The American Academy of Pediatrics states that “in order for vaccines to protect everyone, an estimated 85 to 95 percent of the population must be immunized.  Studies have shown that children who are not immunized are more likely to become infected with measles…”  Some children who are unable to get the MMR vaccine for medical reasons depend on herd immunity to avoid infection and illness.

Is the MMR vaccine safe?  I had heard something about it causing autism.

Yes, the vaccine is safe.  Mild side effects such as arm soreness, redness, and swelling can sometimes occur.  Injections can also trigger fainting in some individuals soon after being administered; so nurses ask that people wait 15-20 minutes in the clinic after a vaccine. But, the MMR vaccine is not a cause of autism; according to the US Department of Health and Human Services, “HRSA (the Health Resources and Services Administration) has reviewed the scientific information concerning the allegation that vaccines cause autism and has found no credible evidence to support the claim.”  Concerns about additives and preservatives in vaccine formulations have also not been supported by evidence-based research studies.  The benefits of vaccination are great and far outweigh the occasional smaller risks.

I was immunized in the 60’s—can I get measles today?

The early measles vaccines used in the 60’s and 70’s were not as effective as later vaccines.  Today’s vaccines provide immunity in 97-99% of those immunized by the recommended two doses.  But, persons vaccinated in the 60’s and 70’s may not have developed a good immune response and could be susceptible to getting measles.  A blood test can check for antibodies to measles—if sufficient antibodies to measles haven’t developed, re-immunization is recommended.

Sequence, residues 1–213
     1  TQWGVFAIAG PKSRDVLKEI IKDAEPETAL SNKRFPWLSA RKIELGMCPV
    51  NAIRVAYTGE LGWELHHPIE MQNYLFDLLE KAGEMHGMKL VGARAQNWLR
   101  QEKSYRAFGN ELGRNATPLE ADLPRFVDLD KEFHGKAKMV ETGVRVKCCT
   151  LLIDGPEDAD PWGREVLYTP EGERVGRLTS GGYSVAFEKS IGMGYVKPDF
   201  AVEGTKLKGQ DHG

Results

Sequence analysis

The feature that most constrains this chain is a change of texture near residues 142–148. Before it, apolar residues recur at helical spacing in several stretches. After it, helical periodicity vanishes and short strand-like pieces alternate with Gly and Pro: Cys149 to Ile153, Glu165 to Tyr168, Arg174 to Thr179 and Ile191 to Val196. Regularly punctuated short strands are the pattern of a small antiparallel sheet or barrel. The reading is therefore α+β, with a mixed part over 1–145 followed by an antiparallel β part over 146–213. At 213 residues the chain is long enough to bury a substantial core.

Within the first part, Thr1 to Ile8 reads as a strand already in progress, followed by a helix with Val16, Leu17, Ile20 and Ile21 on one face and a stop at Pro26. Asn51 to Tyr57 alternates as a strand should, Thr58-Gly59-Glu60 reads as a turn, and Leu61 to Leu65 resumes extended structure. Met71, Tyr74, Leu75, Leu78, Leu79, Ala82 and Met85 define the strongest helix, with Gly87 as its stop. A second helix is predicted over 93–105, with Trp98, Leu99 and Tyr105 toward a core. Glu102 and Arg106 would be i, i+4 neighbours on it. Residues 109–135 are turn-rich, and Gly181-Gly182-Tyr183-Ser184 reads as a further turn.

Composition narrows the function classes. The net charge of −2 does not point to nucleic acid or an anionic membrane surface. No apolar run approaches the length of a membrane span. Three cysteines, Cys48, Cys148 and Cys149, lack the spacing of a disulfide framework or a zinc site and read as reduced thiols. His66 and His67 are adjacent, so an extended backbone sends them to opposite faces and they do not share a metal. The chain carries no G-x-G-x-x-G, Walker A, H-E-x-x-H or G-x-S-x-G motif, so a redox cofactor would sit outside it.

I was born prior to 1957—am I immune?

Probably.  You may have had measles as a child and developed lifelong immunity.  But not everyone did.  Your doctor can order a blood test that can tell you if you have antibodies to measles and other childhood diseases of that era.   If you’re not immune, it’s recommended that you get the measles vaccine.

Can I get measles from my pets?

No, measles is a human virus, and doesn’t infect animals or spread to humans from pets.

What happens if a person is diagnosed with measles on campus?

There are no reported cases of measles at Cal Poly Pomona (CPP) at this time.  If a student, faculty, staff, or campus visitor comes to campus with measles, the University will take the necessary steps to protect both the individual and others on campus.  These steps include isolating the ill individual to keep him or her from having contact with others and spreading the virus through the air and on surfaces.  The ill individual will be transferred to his or her home or to an appropriate care facility such as a hospital to help him or her recover.